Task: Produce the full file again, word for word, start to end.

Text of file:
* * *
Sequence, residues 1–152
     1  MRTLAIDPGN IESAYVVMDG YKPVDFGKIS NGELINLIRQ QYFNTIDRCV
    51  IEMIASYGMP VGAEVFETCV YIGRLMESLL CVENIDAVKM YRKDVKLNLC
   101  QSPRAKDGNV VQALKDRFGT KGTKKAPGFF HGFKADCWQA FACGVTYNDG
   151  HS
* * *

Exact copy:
Sequence, residues 1–152
     1  MRTLAIDPGN IESAYVVMDG YKPVDFGKIS NGELINLIRQ QYFNTIDRCV
    51  IEMIASYGMP VGAEVFETCV YIGRLMESLL CVENIDAVKM YRKDVKLNLC
   101  QSPRAKDGNV VQALKDRFGT KGTKKAPGFF HGFKADCWQA FACGVTYNDG
   151  HS